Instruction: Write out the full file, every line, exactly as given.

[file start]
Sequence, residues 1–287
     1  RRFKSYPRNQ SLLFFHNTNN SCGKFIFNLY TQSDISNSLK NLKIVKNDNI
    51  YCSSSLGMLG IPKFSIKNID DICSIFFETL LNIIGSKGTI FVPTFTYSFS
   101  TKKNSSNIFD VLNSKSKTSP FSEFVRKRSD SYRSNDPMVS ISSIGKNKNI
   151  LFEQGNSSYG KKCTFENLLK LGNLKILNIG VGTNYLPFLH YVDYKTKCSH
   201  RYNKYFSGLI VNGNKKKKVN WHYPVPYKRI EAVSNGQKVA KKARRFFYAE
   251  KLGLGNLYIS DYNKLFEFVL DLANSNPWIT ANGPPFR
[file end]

Sequence, residues 1–287
     1  RRFKSYPRNQ SLLFFHNTNN SCGKFIFNLY TQSDISNSLK NLKIVKNDNI
    51  YCSSSLGMLG IPKFSIKNID DICSIFFETL LNIIGSKGTI FVPTFTYSFS
   101  TKKNSSNIFD VLNSKSKTSP FSEFVRKRSD SYRSNDPMVS ISSIGKNKNI
   151  LFEQGNSSYG KKCTFENLLK LGNLKILNIG VGTNYLPFLH YVDYKTKCSH
   201  RYNKYFSGLI VNGNKKKKVN WHYPVPYKRI EAVSNGQKVA KKARRFFYAE
   251  KLGLGNLYIS DYNKLFEFVL DLANSNPWIT ANGPPFR